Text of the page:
It is therefore urgent to protect the public policy space for food, nutrition and health by ensuring that trade and investment agreements are compliant with existing international obligations in relation to the right to adequate food and nutrition, the right to health and other human rights. It is equally imperative to promote transparency, public participation (particularly of groups most affected) and accountability in relation to trade and investment negotiations.
In order to do this, governments will have to secure significant involvement of all relevant civil society actors in these national or regional processes; ensure that all treaties include explicit clauses to respect and protect the human right to adequate food and nutrition and the right to health; and encourage societal scrutiny over the development and implementation of such agreements.
3. Policy coherence and the need to reverse the normative hierarchy of trade and finance over human rights:
Lastly, it is imperative to build coherence among different policy domains as the food and nutrition policy space is intimately connected with and dependent on consistent policies and programmes in public health, women’s empowerment, agricultural development, environment, and trade and investment, among others. It is therefore imperative to reverse the above-mentioned normative hierarchy to ensure that rights-based policies rule over interest-based ones within trade, finance and other economic domains.
ICN2: An assessment
In all these respects, ICN2, as an intergovernmental process, exposed merits and demerits. Public interest civil society organizations welcomed the conclusions of the ICN2 negotiations, but considered the outcome as inadequate to confront the scale of the malnutrition challenge. The Rome Declaration and Framework for Action are based on an incomplete and superficial analysis of the root causes of malnutrition, leaving out critical dimensions such as the violations of women’s rights, the role of ‘commerciogenic’ malnutrition – induced by the emergence of a global food system driven by strong commercial interests that promotes the decrease in diversity and quality of diets –and the abusive practices of the corporate sector.
Similarly, the implications of trade rules, the impact of land and ocean grabbing, and the urgency of climate change are glanced over in a rather apolitical manner. Furthermore, the re-affirmation of the centrality of the human right to adequate food and nutrition and other related rights is notably weak if not absent. While including some valuable recommendations, the Framework for Action does not contain any binding resolutions, places poor emphasis on the necessary policy re-orientation to challenge the hegemony of the current unsustainable food system and does not provide any prominent support to alternatives based on food sovereignty, agro-ecology and biodiversity.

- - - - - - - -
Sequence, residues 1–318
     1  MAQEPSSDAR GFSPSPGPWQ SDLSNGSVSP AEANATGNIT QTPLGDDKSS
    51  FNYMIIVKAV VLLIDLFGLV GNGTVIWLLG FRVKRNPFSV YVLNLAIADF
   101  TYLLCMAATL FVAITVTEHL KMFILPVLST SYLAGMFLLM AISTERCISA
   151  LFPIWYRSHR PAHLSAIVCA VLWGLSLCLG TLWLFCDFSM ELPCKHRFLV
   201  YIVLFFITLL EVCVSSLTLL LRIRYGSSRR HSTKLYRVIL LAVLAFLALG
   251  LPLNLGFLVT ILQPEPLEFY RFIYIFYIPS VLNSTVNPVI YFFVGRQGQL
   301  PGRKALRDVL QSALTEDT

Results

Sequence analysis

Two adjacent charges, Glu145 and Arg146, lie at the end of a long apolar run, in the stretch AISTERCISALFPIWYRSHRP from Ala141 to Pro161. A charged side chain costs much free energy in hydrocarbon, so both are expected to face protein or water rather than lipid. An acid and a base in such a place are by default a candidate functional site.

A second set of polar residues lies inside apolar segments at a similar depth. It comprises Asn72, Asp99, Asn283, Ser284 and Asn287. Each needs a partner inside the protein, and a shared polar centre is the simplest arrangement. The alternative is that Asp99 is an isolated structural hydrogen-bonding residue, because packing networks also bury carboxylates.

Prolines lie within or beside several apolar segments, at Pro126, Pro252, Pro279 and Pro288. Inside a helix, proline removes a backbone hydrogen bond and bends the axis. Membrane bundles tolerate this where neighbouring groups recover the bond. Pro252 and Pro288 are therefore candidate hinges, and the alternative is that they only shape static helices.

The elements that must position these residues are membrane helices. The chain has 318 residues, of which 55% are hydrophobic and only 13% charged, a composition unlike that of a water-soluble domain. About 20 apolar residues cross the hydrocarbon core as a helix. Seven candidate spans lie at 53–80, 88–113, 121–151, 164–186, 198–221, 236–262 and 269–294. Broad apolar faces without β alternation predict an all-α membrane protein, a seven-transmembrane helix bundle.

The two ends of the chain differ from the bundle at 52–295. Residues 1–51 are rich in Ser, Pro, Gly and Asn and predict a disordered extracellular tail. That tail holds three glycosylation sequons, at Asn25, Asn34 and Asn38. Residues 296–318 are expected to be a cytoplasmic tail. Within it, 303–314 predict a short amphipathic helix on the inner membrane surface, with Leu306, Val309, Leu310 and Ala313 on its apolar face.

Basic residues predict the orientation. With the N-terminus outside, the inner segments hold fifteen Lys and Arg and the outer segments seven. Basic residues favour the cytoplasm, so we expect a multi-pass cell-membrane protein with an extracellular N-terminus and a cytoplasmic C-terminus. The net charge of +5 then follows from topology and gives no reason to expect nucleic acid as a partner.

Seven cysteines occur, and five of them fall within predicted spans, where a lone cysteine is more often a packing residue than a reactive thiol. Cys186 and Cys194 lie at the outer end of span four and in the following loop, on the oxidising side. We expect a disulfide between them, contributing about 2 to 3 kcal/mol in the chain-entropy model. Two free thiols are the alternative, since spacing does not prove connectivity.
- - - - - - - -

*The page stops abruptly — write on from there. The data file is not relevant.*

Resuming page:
Despite all this, the ICN2 outcome is important step in ensuring that the global governance of nutrition rests firmly within the government-led normative and regulatory frameworks provided by FAO and WHO. Furthermore, there is a strong call by public interest civil society organizations, social movements and a growing number of Member States, to recognize the UN Committee on World Food Security (CFS) as the critical space where policy coherence for food security and nutrition needs to be established. The ICN2 outcome, albeit weak, prevents the establishment of a potentially dangerous vacuum of governance and opens a new path to strengthen the indivisible policy nexus between food, nutrition and health.
The ICN2 process generated another important outcome. Over the past year, an increasing number of public benefit organizations came together to dialogue and coordinate their positions and advocacy strategies. Since September 2014, civil society spoke with a consensus voice and provided substantive collective input to the negotiation process, despite the very limited, if not completely insignificant, spaces for engagement. This process culminated into a two-day Civil Society Forum with 200 participants.
The Forum preceded ICN2 and witnessed the confluence of many rivers: public benefit civil society organizations working in health, food, and nutrition as well as broader development policy issues met with representatives of all main constituencies of social movements.
After intense discussions and fruitful dialogue, a powerful declaration was democratically developed and presented to the closing plenary of ICN2 as a part of its formal outcomes. It marked the emergence of a new powerful coalition that may advance the agenda to address malnutrition in all its forms, promote a people-centred and convivial alternative to the current hegemonic form of globalization, and foster a democratic and accountable global governance of nutrition.
Stefano Prato is Managing Director at the Society for International Development and member of the CSO Liaison Group for ICN2.